President Joseph Kabila is seeking to end the rebel activity in the eastern region of the Democratic Republic of Congo (DRC).
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INSURGENTS RETAKE EASTERN CONGO TOWN
Fighters loyal to a rogue Congolese general have retaken a key eastern town from the army, U.N. officials said Tuesday.
The army had claimed a major victory when it took Mushake - just 40 kilometers (25 miles) northwest of the provincial capital of Goma -from defector Laurent Nkunda's troops about a week ago. But between Monday and Tuesday, Nkunda's troops retook positions around Mushake and in Mushake itself, said Maj. Prem Kumar Tiwari, a spokesman for the United Nations peacekeeping force in the Central African country.
"There is no longer any military or regular army presence there," Tiwari said.
Tiwari said fighting continued outside Mushake, near the town of Karuba.
Army officials were not immediately available for comment, but they were quoted on local radio as confirming that Mushake had been retaken by Nkunda's men.
Nkunda defected from Congo's army several years ago and formed his own militia soon after Congo's civil war ended in 2002. He said he needed to protect his minority Tutsi ethnic group from Rwandan Hutu rebels who have occupied forests in east Congo since fleeing Rwanda's 1994 genocide.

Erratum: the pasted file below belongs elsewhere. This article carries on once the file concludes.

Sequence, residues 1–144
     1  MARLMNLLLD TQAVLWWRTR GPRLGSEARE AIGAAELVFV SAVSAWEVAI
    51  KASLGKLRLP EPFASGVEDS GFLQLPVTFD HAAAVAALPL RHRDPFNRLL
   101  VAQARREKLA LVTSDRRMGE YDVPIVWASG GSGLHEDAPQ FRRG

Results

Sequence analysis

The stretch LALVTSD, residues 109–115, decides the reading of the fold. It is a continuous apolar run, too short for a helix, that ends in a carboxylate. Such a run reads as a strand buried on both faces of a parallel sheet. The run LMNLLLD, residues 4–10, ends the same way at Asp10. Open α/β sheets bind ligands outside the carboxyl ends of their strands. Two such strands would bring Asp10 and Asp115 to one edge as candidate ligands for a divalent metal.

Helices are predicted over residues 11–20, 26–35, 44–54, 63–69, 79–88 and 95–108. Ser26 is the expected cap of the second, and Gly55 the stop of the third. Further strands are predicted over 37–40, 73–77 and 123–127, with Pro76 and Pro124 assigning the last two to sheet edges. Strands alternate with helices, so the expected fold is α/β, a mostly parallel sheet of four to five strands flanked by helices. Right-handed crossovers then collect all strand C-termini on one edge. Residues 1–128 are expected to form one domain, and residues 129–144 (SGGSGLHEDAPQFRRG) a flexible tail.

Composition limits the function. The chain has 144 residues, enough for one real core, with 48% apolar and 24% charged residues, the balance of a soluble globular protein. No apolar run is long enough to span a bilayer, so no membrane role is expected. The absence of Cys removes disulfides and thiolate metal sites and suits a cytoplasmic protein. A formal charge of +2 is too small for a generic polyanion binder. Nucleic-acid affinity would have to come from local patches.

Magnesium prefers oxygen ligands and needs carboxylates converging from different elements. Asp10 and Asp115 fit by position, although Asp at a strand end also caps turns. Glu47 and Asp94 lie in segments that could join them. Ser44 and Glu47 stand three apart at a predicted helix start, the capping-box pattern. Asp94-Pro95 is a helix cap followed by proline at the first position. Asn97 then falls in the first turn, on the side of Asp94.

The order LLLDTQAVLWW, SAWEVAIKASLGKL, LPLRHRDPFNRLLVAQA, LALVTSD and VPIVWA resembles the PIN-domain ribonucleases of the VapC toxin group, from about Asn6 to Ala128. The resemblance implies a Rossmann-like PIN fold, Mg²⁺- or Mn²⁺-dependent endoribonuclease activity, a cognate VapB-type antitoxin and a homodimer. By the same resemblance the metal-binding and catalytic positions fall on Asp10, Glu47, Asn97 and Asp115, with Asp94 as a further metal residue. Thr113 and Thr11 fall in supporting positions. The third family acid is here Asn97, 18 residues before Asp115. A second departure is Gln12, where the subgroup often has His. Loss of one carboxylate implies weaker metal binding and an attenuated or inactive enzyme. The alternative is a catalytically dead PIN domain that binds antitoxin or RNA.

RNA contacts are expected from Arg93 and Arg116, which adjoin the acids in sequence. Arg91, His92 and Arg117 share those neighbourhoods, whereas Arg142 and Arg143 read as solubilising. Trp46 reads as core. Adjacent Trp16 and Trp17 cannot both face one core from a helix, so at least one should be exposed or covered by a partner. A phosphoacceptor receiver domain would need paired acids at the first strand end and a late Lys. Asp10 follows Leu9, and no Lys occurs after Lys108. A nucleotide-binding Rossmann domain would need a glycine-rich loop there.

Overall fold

Congo officials say his fighters need to hand over their weapons and integrate into the regular army.
Nkunda's fighters and army forces have been battling for control of parts of North Kivu province for more than a year, broken by occasional calls for disarmament or cease-fires. In North Kivu , the army and at least three other factions control separate patches of territory.
Hundreds of thousands have been displaced by fighting in the area in recent months, U.N. officials say. Relief workers in the region said the fighting continues to force people to flee.
"About 30 families have arrived, as well some of the regular army soldiers and officers who had fled," said Edouard Dunia, who works for a child protection group in Minova, a town about 40 kilometers (25 miles) south of Mushake.
GOMA, DRCongo 11 December 2007 Sapa-AFP
DR CONGO ARMY RETREATS UNDER REBEL ATTACK: MINISTER
The Democratic Republic of Congo army was in retreat Tuesday in the face of rebel counter-attacks, the defence minister said, as witnesses described roads packed with fleeing troops.
Residents of Nord-Kivu province, near the eastern border with
Rwanda, described columns of terrified civilians and disorganised troops heading south from rebel forces who retook two strategic villages in fighting on Monday.
Defence Minister Diemu Chikez said however the retreat was an effort to "regroup" and insisted a major week-old offensive against rebel troops loyal to ex-general Laurent Nkunda remained on track.
He said the rebels would not be able to hold on to their gains after they drove army troops out of the strategic villages of Mushake and Karuba, about 40 kilometres (25 miles) northwest and west of provincial capital Goma.